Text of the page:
Crizanlizumab, a “life-saving” drug for people with sickle cell disease (SCD), has been announced by the National Health Service (NHS) in England.
Crizanlizumab is expected to be delivered through transfusion drip and “works by binding to a protein in the blood cells to prevent the restriction of blood and oxygen supply that lead to a sickle cell crisis,” NHS said in a statement.
Approximately 5,000 people living in England will be treated with the drug in the next three years.
According to AFP, SCD is common in Africa, where up to 40 per cent of a country’s population can carry the mutated gene, though most never get ill.
It causes debilitating episodes of pain, known as vaso-occlusive crises. It could also lead to infection, organ damage, acute chest syndrome, and stroke.
Nigeria is considered the epicentre of the disease in the world.
“In sheer numbers, Nigeria has the largest number of sickle cell patients of any country in the world,” wrote Professor Olu Akinyanju, chairman of the Sickle Cell Foundation, in a paper published on the foundation’s website.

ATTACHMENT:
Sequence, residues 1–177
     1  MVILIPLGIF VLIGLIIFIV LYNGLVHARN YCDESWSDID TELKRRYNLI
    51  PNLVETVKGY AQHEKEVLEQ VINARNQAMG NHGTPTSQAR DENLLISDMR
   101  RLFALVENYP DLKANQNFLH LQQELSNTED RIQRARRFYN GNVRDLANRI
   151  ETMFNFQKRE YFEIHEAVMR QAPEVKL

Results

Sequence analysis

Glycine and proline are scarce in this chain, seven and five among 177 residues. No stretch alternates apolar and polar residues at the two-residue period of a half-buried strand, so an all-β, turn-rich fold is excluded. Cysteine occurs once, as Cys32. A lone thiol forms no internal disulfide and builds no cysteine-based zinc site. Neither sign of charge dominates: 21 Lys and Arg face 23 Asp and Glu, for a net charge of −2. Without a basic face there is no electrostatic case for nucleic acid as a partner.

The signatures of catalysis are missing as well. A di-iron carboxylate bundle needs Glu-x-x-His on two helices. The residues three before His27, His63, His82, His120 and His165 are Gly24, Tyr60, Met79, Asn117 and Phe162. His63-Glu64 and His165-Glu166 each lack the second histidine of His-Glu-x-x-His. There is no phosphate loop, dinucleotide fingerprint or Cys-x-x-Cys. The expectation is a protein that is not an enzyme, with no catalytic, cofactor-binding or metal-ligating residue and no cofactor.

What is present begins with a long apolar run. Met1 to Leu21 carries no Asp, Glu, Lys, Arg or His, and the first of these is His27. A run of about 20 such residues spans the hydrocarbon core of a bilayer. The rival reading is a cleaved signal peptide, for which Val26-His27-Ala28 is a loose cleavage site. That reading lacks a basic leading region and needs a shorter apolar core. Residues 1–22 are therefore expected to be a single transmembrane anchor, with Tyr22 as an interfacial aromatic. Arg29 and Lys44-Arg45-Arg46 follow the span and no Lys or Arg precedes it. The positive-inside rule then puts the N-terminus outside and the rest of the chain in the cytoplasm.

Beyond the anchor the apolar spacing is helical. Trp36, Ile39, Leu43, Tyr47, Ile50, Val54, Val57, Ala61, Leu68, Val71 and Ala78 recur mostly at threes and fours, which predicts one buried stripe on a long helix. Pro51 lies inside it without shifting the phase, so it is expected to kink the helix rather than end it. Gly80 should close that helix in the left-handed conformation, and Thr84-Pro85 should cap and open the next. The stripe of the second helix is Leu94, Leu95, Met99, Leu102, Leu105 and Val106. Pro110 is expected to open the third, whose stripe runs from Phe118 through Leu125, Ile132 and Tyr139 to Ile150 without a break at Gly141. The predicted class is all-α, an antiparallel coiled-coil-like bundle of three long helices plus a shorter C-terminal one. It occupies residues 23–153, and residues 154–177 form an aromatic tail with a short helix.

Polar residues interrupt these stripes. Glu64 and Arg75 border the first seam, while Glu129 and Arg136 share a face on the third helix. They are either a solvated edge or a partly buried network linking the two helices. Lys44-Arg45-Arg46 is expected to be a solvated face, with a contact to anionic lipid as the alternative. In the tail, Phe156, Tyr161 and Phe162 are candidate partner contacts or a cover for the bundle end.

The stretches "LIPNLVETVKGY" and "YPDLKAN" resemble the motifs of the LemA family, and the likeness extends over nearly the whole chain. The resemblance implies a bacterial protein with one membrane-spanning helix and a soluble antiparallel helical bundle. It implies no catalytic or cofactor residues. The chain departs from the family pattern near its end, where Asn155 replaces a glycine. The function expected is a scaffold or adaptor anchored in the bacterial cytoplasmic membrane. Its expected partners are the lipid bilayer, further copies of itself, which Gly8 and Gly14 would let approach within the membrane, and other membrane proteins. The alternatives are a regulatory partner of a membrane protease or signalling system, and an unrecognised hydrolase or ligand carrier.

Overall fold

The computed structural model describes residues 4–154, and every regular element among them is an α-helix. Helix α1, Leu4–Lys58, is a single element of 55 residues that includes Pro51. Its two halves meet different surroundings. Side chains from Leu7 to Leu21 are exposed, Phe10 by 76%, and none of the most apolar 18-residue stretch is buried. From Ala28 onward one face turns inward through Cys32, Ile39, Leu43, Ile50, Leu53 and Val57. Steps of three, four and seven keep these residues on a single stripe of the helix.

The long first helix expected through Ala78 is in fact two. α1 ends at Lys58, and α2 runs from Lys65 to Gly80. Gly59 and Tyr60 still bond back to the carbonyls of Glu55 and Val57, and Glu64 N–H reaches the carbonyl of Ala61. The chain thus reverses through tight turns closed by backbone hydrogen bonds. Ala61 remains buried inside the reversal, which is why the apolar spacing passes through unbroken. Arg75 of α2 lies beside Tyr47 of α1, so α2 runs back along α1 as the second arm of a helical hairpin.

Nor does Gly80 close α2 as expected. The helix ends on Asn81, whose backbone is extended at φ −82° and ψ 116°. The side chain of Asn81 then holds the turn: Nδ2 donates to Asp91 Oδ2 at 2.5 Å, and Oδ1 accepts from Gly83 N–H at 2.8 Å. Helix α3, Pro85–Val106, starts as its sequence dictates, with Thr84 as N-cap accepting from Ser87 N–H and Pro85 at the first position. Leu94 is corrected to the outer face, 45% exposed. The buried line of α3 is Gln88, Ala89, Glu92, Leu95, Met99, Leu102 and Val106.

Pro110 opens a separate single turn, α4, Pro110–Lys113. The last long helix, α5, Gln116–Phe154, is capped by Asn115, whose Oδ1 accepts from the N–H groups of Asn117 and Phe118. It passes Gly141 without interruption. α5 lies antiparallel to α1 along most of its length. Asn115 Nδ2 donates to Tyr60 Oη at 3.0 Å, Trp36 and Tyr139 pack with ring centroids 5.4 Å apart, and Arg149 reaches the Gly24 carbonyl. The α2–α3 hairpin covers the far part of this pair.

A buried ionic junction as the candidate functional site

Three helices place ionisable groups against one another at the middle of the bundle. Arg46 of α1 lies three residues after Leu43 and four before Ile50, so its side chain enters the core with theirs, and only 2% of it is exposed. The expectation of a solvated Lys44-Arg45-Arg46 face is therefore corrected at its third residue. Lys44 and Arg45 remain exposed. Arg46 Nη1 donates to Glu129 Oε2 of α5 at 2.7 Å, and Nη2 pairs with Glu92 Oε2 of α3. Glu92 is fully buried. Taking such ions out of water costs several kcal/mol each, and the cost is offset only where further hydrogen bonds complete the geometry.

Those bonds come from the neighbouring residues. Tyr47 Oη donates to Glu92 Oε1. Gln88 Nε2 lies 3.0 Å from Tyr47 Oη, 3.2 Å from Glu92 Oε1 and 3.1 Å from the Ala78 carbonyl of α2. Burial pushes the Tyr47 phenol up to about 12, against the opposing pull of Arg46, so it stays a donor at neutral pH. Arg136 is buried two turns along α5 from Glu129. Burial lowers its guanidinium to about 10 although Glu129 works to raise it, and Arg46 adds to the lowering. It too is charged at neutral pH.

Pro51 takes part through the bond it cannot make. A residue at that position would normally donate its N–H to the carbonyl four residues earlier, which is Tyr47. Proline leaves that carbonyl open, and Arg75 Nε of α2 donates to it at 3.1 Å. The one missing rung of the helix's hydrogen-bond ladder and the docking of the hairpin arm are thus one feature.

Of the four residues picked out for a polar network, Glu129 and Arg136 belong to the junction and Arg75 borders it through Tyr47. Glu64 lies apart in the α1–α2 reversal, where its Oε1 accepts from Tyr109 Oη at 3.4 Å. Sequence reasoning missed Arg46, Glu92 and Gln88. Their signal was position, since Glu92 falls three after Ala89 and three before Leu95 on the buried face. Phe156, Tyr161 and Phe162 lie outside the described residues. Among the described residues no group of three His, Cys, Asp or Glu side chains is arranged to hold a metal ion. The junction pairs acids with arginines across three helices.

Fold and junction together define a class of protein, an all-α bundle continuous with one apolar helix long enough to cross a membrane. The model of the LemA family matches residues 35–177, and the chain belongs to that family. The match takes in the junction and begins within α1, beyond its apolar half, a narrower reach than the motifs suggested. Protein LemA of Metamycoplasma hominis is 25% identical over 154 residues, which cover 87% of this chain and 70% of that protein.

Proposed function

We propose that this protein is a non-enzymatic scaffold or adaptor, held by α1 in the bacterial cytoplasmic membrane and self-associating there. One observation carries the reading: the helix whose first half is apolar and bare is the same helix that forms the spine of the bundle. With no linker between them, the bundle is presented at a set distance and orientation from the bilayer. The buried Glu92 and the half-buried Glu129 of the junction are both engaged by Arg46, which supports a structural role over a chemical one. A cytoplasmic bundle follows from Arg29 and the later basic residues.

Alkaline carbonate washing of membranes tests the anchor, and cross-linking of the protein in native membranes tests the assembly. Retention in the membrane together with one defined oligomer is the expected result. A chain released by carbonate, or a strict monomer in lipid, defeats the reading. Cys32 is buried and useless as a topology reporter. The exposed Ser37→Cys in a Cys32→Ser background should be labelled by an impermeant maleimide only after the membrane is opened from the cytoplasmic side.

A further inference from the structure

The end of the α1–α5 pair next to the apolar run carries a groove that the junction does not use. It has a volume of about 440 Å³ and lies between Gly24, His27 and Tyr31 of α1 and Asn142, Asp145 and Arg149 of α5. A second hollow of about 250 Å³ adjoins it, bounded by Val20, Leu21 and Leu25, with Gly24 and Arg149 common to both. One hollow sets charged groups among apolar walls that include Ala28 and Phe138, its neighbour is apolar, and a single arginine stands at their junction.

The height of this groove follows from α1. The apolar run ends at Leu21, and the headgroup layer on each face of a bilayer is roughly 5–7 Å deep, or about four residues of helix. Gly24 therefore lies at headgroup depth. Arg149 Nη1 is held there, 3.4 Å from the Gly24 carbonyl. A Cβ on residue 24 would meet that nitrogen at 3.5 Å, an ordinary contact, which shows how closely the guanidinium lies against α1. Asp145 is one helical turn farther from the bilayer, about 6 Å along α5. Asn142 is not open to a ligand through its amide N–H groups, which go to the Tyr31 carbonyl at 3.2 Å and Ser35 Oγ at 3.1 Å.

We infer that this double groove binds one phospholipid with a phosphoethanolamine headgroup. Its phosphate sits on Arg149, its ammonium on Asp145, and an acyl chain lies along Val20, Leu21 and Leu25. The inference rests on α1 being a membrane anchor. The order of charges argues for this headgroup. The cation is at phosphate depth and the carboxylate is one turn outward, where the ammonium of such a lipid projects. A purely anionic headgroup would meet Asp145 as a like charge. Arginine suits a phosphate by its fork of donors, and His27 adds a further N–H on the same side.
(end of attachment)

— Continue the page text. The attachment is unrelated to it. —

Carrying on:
“Although countries around Nigeria also have an S gene carrier frequency of about 1 in 4 of their populations, Nigeria’s large population has ensured that over 40 million Nigerians are healthy carriers of the S gene,” Professor Akinyanju said.
“This number of carriers far exceeds the total population of every other affected African country and indeed, of several of them put together. Consequently, about 150,000 Nigerian children are born each year with sickle cell anaemia (HbSS), the prevailing type of sickle cell disorder (SCD) in this Region.”
According to studies, Crizanlizumab will reduce a sickle cell patient’s need to go to the Accident and Emergency Room (A&E) by half.
The US Center for Disease Control (CDC) says that SCD can only be cured through bone marrow or stem cell transplantation.
However, many Nigerians suffering from the disease cannot afford to seek curative treatment.
Additionally, the CDC said bone marrow is “very risky” and can have serious side effects, including death.